Let’s get this straight — we’re talking about the guy whose entire political career has been about fear mongering, the guy who kicked off his bid for the 2016 Republican nomination with the famous line about Mexicans entering the U.S. — “They’re bringing drugs. They’re bringing crime. They’re rapists.” He has since devoted considerable time to scaring us about caravans of “illegals” and the Salvadoran-American street gang MS-13. He’s gone on to “rioters and looters,” stirring up hysteria over antifa and the destruction of (affluent, white) suburbs through Democratic housing policies. And did I mention socialism? What does he ever talk about but to tell lies to stir up fear in his base?
But when it came to the pandemic, the one thing that really was and is a danger to the United States, he decides to “play it down” so that people don’t “panic”? Seriously?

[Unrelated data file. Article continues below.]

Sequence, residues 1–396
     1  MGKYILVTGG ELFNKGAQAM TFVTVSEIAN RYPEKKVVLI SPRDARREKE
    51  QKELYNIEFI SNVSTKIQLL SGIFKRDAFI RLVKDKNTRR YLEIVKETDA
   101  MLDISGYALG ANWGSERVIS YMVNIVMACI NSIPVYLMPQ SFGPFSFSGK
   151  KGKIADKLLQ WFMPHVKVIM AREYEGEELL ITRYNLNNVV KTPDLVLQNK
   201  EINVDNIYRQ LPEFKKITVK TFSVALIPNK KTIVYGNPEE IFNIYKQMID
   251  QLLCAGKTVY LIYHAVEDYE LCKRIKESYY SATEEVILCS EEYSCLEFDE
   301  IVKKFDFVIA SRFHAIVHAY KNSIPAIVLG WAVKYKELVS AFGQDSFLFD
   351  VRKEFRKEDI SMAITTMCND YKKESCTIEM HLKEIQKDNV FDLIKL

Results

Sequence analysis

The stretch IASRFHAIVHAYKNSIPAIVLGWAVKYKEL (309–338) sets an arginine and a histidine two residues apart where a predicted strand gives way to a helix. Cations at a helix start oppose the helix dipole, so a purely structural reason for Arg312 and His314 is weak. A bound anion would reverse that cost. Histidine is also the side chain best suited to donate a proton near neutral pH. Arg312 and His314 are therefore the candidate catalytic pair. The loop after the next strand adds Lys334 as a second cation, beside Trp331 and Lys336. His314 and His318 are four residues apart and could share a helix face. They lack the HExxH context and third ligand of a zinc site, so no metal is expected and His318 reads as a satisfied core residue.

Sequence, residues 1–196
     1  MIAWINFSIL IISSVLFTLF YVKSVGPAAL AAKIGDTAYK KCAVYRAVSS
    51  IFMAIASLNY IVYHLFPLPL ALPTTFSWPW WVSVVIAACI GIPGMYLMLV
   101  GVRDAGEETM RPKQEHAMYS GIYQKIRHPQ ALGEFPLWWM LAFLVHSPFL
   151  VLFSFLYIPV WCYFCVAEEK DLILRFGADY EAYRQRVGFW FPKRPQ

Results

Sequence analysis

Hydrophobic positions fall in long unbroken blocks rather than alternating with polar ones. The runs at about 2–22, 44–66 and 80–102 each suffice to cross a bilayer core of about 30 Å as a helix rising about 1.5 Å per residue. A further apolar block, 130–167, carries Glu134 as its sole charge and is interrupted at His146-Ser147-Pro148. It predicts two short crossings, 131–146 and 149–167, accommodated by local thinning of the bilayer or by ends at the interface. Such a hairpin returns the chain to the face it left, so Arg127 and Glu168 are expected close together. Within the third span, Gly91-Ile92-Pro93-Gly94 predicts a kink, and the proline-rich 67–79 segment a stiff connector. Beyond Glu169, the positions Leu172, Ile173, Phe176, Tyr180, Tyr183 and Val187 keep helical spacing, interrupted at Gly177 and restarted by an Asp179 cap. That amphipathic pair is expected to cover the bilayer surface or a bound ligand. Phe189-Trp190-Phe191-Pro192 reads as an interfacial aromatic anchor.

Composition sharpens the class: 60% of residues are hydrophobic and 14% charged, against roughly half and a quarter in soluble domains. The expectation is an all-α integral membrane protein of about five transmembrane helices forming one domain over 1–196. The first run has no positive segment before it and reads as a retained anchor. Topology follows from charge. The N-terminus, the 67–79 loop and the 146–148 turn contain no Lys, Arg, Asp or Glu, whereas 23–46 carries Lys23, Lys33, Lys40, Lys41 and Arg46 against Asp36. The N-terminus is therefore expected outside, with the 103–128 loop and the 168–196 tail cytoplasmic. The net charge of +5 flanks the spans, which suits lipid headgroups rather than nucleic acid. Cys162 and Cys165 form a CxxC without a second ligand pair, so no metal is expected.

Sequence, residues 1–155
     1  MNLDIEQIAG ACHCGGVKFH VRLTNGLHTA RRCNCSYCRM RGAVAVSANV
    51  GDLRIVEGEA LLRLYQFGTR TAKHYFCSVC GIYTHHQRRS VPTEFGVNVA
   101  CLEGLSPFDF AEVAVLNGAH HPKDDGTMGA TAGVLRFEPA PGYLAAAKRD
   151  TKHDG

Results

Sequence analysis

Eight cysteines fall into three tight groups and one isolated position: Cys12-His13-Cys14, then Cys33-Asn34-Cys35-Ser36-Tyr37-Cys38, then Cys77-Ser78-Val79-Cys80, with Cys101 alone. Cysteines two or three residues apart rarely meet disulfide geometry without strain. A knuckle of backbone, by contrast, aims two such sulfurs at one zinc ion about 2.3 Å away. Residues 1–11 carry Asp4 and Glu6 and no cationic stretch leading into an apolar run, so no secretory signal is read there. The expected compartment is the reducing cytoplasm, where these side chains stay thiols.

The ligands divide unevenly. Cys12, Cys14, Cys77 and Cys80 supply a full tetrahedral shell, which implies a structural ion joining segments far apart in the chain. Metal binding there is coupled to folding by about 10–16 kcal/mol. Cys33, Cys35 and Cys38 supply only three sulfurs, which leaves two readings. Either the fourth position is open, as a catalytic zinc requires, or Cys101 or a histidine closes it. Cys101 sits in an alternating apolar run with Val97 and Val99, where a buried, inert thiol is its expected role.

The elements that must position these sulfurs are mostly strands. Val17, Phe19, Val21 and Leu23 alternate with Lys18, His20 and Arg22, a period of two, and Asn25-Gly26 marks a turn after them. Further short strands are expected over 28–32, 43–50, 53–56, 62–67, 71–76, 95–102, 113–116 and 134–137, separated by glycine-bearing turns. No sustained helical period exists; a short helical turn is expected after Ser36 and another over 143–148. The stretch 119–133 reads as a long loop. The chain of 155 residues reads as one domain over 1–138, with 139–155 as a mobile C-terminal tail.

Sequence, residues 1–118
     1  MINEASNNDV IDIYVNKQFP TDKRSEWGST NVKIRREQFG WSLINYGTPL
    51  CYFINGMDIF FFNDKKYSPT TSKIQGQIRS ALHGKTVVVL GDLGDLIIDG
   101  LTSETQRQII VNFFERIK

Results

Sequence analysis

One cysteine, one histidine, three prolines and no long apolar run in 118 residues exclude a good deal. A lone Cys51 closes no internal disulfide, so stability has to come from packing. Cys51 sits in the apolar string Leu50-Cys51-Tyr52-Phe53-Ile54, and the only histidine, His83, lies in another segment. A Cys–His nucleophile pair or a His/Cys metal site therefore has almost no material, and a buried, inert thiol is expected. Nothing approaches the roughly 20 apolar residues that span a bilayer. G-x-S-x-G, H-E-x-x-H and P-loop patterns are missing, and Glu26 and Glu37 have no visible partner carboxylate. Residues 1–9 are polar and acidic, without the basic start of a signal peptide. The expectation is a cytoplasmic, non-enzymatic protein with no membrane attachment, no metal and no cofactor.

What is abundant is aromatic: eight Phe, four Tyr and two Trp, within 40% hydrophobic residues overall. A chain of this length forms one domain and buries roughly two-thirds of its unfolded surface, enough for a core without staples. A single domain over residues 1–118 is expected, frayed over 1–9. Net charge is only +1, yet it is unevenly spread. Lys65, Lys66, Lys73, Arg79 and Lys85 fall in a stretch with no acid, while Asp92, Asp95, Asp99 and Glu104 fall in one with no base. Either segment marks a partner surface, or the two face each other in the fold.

Truthfully, a little panic might have helped. We couldn’t possibly have overreacted to what was coming, I don’t think.
Here is NBC News White House correspondent Geoff Bennett from last night’s All In With Chris Hayes. Sums it all up pretty well.
Today, the Trump campaign is trying to pretend Trump lied for the benefit of the American people. Like not being prepared for the coming pandemic was in everyone’s best interest. See Greg Sargent, There’s a big hole in Trump’s frantic spin about the Woodward revelations.
Throughout February, Trump was utterly obsessed with the impact that public news about the coronanvirus was having on the markets. And as Slate’s William Saletan demonstrated at the time, Trump openly cast the markets as inextricably linked to his own political fortunes, regularly suggesting efforts to use the coronavirus to rattle them were the work of political enemies out to tank him.
Indeed, Trump repeatedly raged at the media for deliberately trying to panic markets to harm him politically. Trump approvingly tweeted a media ally accusing CNN of trying “to stoke a national Coronavirus panic” as part of its “anti-Trump” agenda. He blasted the media for trying to make the coronavirus “look as bad as possible” and “panicking markets” to help Democrats.